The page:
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Theodore De Bry: Floridae Americae Provinciae

Map: USA7348
Cartographer: Theodore De Bry
Title: Floridae Americae Provinciae
Date: 1591
Published: Frankfurt
Width: 21 inches / 54 cm
Height: 19 inches / 49 cm
Map ref: USA7348
This important map of the southeastern United States is the first printed map to focus on Florida. It is also a valuable, early record of French attempts to establish a colony in the Carolinas.

The French first attempted to establish a North American colony in 1562 under Jean Ribaut, landing near Port Royal, South Carolina. This first colony, Charlefort, lasted less than a year before the surviving colonists mutinied over harsh conditions and attempted to return to France. Charlefort is marked on this map to the north of the eastern-most of the two illustrated galleons.

A second colonising venture was launched in 1564, this time under the command of Rene Goulaine de Laudonnière, who established a new colony in the vicinity of modern-day Jacksonville, Florida. The colony was named Fort Caroline or 'Carolina'. It is marked on this map to the west of the eastern galleon, on the banks of the F. Maij (or River May). A French artist named Jacob (or Jacques) Le Moyne was assigned to this second venture, tasked with drawing and mapping as much of the region as possible. This map was the result of Le Moyne's experiences during the expedition, though it was likely composed from memory years later, not from sketches or documents compiled in the New World. The Spanish, upon hearing of the French crown's intrusion on their colonial territory, sent a hostile force to burn Fort Caroline and slaughter the colonists. Luckily, Le Moyne escaped the massacre, eventually returning to Europe on an English ship, but it is unlikely that his documents and records survived the ordeal.

Le Moyne died in London in 1588 without publishing his account, despite the efforts of Theodore de Bry to purchase his narrative. After his death, Le Moyne's widow agreed to sell his records to De Bry, who finally published them in 1591, including this map.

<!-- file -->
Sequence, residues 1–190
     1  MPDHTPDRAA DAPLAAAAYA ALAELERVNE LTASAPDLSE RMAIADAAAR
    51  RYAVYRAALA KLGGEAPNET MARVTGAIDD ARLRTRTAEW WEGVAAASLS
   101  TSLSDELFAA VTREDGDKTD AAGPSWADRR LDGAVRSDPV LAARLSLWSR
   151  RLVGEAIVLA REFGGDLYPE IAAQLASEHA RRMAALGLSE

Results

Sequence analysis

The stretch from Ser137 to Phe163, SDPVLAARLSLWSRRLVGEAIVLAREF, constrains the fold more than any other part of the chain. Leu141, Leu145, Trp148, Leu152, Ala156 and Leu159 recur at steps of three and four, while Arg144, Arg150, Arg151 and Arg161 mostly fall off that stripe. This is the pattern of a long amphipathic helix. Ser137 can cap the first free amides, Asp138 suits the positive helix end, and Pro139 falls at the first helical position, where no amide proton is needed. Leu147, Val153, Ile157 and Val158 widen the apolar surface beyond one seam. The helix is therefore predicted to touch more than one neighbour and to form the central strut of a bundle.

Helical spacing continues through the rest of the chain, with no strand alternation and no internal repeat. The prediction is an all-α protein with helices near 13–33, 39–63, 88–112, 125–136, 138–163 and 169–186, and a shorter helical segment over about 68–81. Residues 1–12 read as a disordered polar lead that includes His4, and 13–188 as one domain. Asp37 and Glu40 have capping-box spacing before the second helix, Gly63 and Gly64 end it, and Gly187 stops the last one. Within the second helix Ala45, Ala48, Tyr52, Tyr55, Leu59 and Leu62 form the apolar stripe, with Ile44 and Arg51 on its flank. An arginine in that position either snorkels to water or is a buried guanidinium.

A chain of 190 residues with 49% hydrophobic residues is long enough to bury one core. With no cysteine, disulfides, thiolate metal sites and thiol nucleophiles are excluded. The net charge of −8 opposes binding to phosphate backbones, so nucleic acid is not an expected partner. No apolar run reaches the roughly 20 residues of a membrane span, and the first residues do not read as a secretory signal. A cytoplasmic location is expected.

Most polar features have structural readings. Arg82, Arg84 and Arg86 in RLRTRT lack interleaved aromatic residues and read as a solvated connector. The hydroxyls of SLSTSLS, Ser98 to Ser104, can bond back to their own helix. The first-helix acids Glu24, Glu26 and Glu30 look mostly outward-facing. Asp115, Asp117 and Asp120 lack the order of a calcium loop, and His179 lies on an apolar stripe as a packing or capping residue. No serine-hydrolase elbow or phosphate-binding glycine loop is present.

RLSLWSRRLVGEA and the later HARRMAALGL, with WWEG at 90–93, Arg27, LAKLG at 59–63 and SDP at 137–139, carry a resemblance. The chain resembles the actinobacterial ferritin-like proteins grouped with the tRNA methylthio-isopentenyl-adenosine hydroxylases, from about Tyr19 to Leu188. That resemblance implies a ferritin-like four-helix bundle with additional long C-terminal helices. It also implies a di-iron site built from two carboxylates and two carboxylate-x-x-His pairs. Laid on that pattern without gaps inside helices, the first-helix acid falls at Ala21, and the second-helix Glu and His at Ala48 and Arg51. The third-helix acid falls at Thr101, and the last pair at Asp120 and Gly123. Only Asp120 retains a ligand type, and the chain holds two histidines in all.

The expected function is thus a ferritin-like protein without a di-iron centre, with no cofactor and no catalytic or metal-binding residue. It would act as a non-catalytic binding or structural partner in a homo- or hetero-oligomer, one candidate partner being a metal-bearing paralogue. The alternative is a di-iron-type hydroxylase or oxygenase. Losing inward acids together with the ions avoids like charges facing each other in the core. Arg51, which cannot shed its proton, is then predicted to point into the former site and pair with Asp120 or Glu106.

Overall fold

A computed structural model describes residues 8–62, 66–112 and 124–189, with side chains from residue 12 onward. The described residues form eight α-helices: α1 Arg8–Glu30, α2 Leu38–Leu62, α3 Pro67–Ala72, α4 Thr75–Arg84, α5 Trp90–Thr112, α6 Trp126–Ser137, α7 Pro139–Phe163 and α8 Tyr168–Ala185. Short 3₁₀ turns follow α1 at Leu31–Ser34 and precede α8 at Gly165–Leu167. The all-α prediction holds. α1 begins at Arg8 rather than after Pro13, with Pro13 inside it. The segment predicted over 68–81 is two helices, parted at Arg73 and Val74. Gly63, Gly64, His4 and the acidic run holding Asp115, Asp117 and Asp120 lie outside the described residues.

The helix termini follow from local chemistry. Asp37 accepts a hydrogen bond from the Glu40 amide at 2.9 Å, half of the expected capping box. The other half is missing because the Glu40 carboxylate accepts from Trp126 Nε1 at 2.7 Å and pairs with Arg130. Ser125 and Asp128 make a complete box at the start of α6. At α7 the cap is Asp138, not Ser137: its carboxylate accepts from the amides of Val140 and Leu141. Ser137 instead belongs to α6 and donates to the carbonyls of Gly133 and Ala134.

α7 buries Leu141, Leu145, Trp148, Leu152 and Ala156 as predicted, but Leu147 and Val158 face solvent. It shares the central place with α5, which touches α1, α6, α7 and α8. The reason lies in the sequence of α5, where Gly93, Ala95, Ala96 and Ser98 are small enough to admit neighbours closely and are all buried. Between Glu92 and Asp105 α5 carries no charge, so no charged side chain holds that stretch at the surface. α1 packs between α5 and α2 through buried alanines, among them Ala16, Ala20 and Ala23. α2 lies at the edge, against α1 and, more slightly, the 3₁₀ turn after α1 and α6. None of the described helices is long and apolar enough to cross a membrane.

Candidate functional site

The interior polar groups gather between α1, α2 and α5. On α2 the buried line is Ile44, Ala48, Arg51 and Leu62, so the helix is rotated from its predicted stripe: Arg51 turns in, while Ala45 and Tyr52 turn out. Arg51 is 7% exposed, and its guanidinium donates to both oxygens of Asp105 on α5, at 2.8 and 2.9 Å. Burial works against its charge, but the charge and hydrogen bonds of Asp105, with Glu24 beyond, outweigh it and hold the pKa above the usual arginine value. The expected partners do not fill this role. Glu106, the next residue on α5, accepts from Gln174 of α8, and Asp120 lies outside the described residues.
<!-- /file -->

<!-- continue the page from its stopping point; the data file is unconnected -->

The map's geography is curious and massively distorted, but the Florida peninsula is nonetheless instantly recognizable. Much of the map's detail is focused around northern Florida, Georgia, and the Carolinas, the area chosen for settlement by the French. The northernmost point of the map is located around modern-day Beaufort, North Carolina, the southern tip of the Outer Banks. Along the northern edge of the map is a large body of water, most likely a reference to Giovanni da Verrazano's mythical inland sea.

In the west, the map extends into the Florida Panhandle, though not with any convincing detail. Even the rivers which are marked are disputed by modern scholars, as there is no evidence that Le Moyne had any knowledge of this region. The landscape of Florida is dotted with large lakes, most of which are unnamed and only vaguely delineated. The largest of these lakes, marked on the map as "Lacus aquae dulces" (sweet water lake), is most likely a reference to Lake Okeechobee. Far to the north of the map, just south of the great inland sea, is an illustration of an enormous waterfall. Some scholars believe this is a reference to Niagara Falls, tales of which may have been transmitted to Le Moyne by the Native Americans he encountered.

The map is beautifully engraved and further embellished with a large sea monster (most likely intended to be a whale) in the Gulf of Mexico, an elaborate compass rose, a splendid strapwork title cartouche, and two sailing galleons. From the design of the flags, we can assume that the left ship is a Spanish vessel, while the ship on the right is most likely a French, Dutch, or English galleon.

In the upper corners of the map, Le Moyne makes a bold political statement, placing the Spanish royal coat of arms over the western portion of the map and the French coat of arms over the eastern portion, essentially declaring France's claim to at least part of this new territory.